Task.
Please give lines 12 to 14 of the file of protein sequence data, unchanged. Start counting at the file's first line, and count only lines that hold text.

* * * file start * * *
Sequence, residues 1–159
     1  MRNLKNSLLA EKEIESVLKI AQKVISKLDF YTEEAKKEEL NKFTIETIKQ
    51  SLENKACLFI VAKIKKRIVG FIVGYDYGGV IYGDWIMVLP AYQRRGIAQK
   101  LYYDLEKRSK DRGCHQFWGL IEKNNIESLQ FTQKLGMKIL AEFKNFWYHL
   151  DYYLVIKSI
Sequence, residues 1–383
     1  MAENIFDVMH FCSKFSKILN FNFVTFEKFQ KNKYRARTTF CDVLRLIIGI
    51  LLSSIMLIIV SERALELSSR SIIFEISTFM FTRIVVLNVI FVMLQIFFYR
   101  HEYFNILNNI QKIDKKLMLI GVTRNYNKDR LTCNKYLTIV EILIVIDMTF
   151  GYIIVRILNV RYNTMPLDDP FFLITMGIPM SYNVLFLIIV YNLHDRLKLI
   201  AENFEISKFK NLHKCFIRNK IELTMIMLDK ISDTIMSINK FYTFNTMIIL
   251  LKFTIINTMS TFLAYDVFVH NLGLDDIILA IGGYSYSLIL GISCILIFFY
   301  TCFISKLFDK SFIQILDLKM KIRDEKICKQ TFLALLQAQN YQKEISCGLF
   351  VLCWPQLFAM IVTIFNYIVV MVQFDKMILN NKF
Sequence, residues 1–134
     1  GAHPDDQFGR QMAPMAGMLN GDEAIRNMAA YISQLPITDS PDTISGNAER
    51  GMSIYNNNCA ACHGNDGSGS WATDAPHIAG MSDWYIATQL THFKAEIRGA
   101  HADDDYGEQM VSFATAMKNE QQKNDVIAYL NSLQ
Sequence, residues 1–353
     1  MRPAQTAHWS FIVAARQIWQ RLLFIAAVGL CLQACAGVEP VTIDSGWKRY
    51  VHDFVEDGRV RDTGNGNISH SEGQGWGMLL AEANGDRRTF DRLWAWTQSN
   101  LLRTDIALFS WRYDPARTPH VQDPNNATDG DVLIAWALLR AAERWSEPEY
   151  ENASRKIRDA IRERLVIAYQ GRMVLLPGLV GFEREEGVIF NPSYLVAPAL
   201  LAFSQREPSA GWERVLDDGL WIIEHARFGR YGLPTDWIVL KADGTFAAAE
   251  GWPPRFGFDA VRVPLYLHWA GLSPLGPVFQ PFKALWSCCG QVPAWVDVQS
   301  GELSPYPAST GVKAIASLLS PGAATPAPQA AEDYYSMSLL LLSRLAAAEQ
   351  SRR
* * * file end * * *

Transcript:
   251  LKFTIINTMS TFLAYDVFVH NLGLDDIILA IGGYSYSLIL GISCILIFFY
   301  TCFISKLFDK SFIQILDLKM KIRDEKICKQ TFLALLQAQN YQKEISCGLF
   351  VLCWPQLFAM IVTIFNYIVV MVQFDKMILN NKF